A: People think a recipe is going to tell them what to do. But it’s easy to forget—and maybe a lot of people don’t know—that a recipe is the capturing of one experience at one point in time, in one geographic location. Our food is always changing, depending on what time of year you’re making it, where you are, or if the sun is shining in your kitchen. There are a million different things that affect our food. It’s good to keep your senses on the forefront. If you smell burning, but the recipe says to keep going for another 12 minutes, maybe heed your senses, you know?
Q: Your new book, Salt, Fat, Acid, Heat, focuses on four basic elements of cooking. What do each bring to good food?
A: Salt enhances flavor. Fat carries flavor and allows us to achieve five distinct textures. Acid balances flavors. Heat is the mechanism that allows us to achieve all the different textures. They are what make food taste good, and once you understand a few basic things about each, you can make anything taste good.
Q: Do you really believe anyone can cook good food?
A: A lot of people take issue with this. There are a couple things that need to be in place: You have to be open-minded and curious, and you have to be willing to practice and fail. But man, I really think anyone can do this.
Q: What is your favorite thing to cook for yourself when you’re at home?
A: The most luxurious thing I can do to treat myself is to go tothe farmers market and get a vegetable—or many kinds of vegetables—and have a vegetable extravaganza. Preparing vegetables from scratch is labor-intensive. It takes a lot of time to shuck a bowl of peas. Or fava beans. Or artichokes. Since I spend so much of my time cooking and eating with other people, one of my great pleasures is eating by myself. I make myself a beautiful salad, and I take the time to make a nice vinaigrette. That’s the nicest thing I can do for myself.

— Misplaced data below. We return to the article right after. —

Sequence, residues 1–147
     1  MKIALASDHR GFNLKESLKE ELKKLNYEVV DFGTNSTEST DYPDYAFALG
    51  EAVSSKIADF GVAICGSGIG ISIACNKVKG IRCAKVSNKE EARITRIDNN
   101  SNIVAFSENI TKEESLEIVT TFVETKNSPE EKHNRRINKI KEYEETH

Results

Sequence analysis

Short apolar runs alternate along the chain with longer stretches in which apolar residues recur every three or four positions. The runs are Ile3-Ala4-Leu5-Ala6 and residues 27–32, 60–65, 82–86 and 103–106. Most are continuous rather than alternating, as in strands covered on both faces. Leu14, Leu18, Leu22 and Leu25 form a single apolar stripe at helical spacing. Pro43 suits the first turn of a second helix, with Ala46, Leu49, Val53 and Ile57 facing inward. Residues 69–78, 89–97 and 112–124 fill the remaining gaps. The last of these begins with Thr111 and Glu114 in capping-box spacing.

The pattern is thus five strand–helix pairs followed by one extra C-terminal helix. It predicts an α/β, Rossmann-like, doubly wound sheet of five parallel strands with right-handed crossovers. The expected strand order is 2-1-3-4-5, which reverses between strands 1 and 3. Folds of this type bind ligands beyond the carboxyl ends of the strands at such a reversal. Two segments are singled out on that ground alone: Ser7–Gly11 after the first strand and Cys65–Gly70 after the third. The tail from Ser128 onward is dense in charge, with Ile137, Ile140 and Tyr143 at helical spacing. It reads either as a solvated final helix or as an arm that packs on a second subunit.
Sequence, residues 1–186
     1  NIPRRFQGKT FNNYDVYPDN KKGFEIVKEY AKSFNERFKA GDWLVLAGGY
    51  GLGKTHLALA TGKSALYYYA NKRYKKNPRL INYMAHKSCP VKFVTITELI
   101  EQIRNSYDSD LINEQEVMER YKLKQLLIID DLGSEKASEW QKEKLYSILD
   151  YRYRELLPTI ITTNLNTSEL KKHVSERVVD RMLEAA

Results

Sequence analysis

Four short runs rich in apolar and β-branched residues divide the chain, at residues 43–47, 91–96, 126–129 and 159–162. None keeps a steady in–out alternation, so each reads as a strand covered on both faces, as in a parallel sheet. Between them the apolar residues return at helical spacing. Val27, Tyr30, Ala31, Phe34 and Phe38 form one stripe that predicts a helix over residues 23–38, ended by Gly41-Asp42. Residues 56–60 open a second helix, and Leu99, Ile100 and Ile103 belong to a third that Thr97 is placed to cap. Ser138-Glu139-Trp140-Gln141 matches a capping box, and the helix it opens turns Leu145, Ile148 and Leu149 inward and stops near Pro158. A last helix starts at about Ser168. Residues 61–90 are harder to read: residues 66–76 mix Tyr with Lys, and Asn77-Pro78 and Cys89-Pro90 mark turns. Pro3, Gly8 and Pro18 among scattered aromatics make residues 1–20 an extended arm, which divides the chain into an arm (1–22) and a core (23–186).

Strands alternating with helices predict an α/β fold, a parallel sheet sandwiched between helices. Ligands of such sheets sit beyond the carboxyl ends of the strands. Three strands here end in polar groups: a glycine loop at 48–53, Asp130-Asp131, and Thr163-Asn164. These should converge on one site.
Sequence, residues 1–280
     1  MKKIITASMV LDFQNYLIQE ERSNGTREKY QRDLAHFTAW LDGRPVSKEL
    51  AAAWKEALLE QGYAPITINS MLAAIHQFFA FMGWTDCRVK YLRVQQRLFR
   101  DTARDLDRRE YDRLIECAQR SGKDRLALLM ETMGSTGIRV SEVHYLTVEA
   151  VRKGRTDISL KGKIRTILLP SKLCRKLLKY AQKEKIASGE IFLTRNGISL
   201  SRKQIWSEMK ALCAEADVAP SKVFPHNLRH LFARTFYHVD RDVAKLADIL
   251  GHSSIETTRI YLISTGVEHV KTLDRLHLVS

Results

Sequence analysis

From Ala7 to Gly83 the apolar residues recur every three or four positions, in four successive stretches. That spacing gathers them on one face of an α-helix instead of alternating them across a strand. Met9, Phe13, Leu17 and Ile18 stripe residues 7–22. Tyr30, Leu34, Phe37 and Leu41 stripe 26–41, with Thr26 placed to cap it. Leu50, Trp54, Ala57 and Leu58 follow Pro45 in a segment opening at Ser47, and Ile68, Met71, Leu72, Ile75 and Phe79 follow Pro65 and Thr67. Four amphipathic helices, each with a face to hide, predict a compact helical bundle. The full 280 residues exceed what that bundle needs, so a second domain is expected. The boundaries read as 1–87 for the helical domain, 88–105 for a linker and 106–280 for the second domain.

Q: Is there one thing someone can do after reading this to make tonight’s dinner better?
A: Add salt to your food. Salt is a mineral that plays a chemical role in our cooking. It changes texture and flavor. Your food will be better if you add salt earlier—your meat, especially. And by earlier, I often mean the night before. So get up right now, go get the chicken out of your fridge, and put salt on it.
An Apricot Adventure
Another Chez Panisse alum has a new book, but author Carrie Glenn wasn’t a chef—she was the floral arranger at the restaurant.
Retired after 35 years (she was known for incorporating fruits, weeds, and vines into the restaurant’s statement pieces), the 77-year-old Glenn has turned to writing and painting children’s books. Her first, Clever Cybèle, is inspired by her garden and tells the story of a beautiful apricot that tries to keep a group of hungry snails at bay.
“I would put the snails in position, and they would move. And I’d reposition them, and they would move,” says Glenn about her challenging models. “After a few tries, they gave up and went into their shells. I got very attached to them in a way.”
Clever Cybèle is available at Chez Panisse and The Gardener in Berkeley, and online at apologuepress.com.